Before the group heads to Thompson-Boling, Mike gathers them for a some words of wisdom. "We're going to try to do the perfect routine," he says. "We have 150 seconds to get it right. If we do it, we move on to nationals. If not, it's okay. Just have fun and stick the technique. I'm proud of you guys." The group breaks with a big "Cole!" after a count of three.

Thompson-Boling is bustling. Gaggles of girls in uniform warm-up within their squads. Both All-star teams and high school teams are competing—but not against each other—and are divided by school size and age of the girls on the team. The girls in the arena range in age from kindergarten all the way up to high school.

The big competition for the senior Sharks will be an All-star squad from Kentucky—or so they think. Once they get to the gym, the girls learn that the team has scratched and that the senior squad will be essentially competing against themselves for a bid to nationals. It's a bit of a let-down for the team, most of whom were looking forward to seeing what their rivals looked like this year. Also, they now have no outside opponent to push them to win enough points, which are awarded on technique and difficulty, to get a bid.

The high school squads take the mats first. One section of the arena's seats are packed with parents, siblings, boyfriends, and cheerleaders who will compete later. Some of the Sharks also cheer for their high schools and after running through one routine, will have to race to change clothes, gather their wits, and cheer with the Sharks. But for the girls who don't cheer on their high school teams, it's a long, nervous wait.

However, for the audience, even the high school teams are electrifying. Most of the girls hit their stunts and radiate charm, health, and (you have to admit it) pep. Cuts from Ricky Martin and Toni Basil are in almost every team's music. Some of the teams, granted, are more polished than others, but each one can raise goosebumps on the arms of even the most hardened observer as they tumble within inches of each other and disaster.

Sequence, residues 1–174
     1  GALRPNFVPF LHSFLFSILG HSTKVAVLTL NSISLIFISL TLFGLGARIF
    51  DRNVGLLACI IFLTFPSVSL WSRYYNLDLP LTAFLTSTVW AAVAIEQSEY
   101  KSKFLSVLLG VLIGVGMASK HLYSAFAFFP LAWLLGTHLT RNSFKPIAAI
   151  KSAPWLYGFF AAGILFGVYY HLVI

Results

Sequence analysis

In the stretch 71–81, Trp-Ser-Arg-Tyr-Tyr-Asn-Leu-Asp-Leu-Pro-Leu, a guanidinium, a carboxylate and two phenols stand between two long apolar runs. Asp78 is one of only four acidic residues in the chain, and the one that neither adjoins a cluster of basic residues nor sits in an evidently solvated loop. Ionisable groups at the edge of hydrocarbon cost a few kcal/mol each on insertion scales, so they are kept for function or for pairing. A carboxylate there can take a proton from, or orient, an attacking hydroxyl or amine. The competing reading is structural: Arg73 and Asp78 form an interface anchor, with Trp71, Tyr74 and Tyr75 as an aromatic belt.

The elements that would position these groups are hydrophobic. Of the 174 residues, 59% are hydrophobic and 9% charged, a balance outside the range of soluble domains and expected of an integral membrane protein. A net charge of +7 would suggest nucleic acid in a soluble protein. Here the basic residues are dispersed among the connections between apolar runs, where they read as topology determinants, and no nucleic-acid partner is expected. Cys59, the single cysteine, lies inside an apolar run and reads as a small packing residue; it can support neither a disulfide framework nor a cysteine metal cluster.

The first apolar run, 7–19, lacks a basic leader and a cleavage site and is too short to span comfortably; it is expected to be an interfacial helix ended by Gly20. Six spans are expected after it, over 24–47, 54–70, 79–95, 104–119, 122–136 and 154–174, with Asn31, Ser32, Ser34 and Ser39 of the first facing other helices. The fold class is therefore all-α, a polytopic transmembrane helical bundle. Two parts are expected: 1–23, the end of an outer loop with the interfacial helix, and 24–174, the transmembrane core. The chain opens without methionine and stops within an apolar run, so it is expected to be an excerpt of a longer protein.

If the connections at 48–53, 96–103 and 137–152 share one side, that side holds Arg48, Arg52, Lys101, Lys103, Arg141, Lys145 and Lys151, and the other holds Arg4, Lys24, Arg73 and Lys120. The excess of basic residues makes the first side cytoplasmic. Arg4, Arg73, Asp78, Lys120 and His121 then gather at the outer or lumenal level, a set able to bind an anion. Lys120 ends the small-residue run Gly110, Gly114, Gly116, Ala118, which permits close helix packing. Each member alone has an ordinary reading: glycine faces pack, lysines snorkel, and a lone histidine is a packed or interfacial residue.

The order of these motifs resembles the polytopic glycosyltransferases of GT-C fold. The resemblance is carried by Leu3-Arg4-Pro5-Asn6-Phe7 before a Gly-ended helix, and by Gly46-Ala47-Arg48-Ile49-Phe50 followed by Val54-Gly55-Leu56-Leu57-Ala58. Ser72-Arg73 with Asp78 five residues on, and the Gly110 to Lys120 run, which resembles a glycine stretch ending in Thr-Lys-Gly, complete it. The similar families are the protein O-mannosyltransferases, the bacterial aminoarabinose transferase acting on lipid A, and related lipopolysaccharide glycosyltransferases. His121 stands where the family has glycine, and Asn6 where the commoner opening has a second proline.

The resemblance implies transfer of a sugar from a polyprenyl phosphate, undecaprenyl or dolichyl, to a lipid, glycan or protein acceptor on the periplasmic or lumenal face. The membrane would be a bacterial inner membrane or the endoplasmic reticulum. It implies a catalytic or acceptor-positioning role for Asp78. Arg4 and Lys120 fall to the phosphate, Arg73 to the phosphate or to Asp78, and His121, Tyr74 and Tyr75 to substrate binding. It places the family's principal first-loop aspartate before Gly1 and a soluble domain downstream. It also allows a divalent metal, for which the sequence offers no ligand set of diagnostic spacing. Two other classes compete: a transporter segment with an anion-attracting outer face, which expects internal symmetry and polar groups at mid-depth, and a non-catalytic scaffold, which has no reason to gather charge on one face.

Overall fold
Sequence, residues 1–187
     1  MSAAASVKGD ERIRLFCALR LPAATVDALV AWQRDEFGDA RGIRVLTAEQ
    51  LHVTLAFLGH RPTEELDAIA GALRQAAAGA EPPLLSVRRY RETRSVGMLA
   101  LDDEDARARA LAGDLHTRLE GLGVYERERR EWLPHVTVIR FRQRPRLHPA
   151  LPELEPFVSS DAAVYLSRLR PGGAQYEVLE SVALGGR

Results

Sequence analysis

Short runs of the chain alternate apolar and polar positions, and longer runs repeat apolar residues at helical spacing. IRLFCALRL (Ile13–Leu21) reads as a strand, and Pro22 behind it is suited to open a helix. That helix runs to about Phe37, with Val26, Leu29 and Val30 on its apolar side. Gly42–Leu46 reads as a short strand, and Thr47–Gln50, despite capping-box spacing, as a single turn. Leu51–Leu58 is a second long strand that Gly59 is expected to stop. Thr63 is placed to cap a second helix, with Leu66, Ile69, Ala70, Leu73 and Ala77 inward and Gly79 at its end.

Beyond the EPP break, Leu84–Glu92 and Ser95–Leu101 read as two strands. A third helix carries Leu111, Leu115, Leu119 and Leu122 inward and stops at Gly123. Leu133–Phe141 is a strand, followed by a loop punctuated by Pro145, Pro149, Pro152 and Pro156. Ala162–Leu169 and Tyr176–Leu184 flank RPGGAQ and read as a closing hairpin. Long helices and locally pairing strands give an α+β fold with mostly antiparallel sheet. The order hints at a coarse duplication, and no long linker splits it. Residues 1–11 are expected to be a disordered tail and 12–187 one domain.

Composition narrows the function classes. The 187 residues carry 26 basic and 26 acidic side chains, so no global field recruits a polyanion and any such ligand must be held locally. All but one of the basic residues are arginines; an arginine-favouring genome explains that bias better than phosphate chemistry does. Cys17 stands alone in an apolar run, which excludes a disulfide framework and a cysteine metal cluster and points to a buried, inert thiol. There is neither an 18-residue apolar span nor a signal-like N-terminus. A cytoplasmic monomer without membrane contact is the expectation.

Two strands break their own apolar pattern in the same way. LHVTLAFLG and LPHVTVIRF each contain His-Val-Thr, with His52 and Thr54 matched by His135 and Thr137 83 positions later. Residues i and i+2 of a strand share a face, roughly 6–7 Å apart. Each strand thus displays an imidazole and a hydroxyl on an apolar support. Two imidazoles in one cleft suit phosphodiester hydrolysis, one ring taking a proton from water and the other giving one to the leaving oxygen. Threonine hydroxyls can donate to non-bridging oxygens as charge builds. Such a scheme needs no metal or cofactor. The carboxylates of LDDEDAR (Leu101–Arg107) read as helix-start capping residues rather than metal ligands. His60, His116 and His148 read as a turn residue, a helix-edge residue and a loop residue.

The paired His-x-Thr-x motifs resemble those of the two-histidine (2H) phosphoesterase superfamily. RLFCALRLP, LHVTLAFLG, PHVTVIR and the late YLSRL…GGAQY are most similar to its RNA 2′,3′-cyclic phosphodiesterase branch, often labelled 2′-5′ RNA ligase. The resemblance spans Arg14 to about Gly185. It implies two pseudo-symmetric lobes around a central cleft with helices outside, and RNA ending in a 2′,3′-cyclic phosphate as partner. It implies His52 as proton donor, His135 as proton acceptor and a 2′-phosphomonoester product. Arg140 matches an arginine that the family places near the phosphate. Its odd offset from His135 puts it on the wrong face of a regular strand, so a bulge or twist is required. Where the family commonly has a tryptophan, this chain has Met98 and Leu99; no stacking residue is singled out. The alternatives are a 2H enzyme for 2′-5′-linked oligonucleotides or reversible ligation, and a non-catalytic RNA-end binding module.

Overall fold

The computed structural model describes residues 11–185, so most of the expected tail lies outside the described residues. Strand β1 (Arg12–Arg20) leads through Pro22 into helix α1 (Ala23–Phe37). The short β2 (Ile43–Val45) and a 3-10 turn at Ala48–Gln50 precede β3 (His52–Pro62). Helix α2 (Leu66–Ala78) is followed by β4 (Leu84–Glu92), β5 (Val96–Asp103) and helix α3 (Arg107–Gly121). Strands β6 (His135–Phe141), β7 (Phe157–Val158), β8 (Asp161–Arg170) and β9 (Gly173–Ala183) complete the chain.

And disaster nearly strikes the squad from middle Tennessee's Soddy-Daisy High School. During the final seconds of their routine, a shoe comes flying out of a stunt as a girl doubles over with her hands cupped in front of her face. At first, it looks as if she has been hit in the face with the errant shoe. As it turns out, she had thrown-up in her hands during the routine. "It's just nerves," Mike says, as a poor arena staffer comes out with a wad of paper towels.

Stott comes over to talk with the Youth Prep squad—the youngest girls who look like dolls with ponytails, glitter, and a light coat of lipstick. "Are you nervous?" he asks. The girls nod. "You know what the best thing to do when you're scared? Smile real big." A few days later, Stott would find out that he a second round of surgery and only three treatments for his cancer, which is relatively good news.

Finally, the All-star teams are up. Before the youth team takes the mat, the Junior and Senior girls do the Shark Check—which is a rhythmic clapping chant that ends with the girls putting their hands on their foreheads like Shark fins—and boost the confidence of the younger girls.

The senior girls dash to the outside entrances to practice. They tumble and stunt out on the hard concrete and, seemingly, have no fear of what may happen should they fall. One last time Mike gathers them. "It's yours to loose," he tells them. "Let's just let it all hang out." On three, the girls yell "Sharks!" and head back into the arena.

The most nerve-wracking moment, Smith and Marshall have both said, is after you take the mat and are waiting for your music to start. Twenty-five girls on the mat stare down and wait for the music. And when it starts, they launch into the routine with great big smiles.

But, unfortunately, despite the opportunity for a national bid and Mike's promise to take them all bowling if they do a clean routine, the stunt that has failed in practice, fails again. The flyer collapses, caught by her bases, a couple of counts to early. The Sharks stick everything else, however, and they leave the mat both disappointed and elated. "There are no more rookies," Mike tells them. The girls give a weak cheer and go find their families while the judges tally the scores.

Before the winners are announced, all of the teams are gathered on the mat to await their scores. Some of the girls look tense, but, mostly, they just look sweaty and tired. A few have wiped off their make-up, yet each and every pony tail rides high, despite the intense activity of the afternoon. Even with the mistake, the Sharks have enough difficulty and accuracy to win their bid.

"When people say 'Oh, that's not really a sport' I encourage them to come and watch," Marshall says. "Come and sit in on a practice for at least a half an hour. See that we don't bounce around. We condition ourselves and we work out. Winning is something that we're striving towards."